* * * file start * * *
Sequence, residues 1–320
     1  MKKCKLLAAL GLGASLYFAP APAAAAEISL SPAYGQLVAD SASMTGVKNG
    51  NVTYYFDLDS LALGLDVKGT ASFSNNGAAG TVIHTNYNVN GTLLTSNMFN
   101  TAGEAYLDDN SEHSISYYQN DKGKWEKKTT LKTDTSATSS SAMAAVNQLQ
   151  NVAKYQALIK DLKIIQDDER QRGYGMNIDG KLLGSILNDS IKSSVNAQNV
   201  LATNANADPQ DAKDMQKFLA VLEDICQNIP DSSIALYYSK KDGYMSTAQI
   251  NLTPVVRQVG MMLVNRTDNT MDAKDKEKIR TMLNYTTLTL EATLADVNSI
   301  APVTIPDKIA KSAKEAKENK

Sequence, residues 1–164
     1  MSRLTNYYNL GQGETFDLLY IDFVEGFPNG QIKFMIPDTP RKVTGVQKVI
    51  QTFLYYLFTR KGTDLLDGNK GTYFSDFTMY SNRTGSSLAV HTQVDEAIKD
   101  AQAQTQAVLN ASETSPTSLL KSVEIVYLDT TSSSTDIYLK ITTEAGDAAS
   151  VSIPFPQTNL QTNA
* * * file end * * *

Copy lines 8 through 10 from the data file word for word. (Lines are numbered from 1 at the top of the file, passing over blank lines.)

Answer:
   301  APVTIPDKIA KSAKEAKENK

Sequence, residues 1–164
     1  MSRLTNYYNL GQGETFDLLY IDFVEGFPNG QIKFMIPDTP RKVTGVQKVI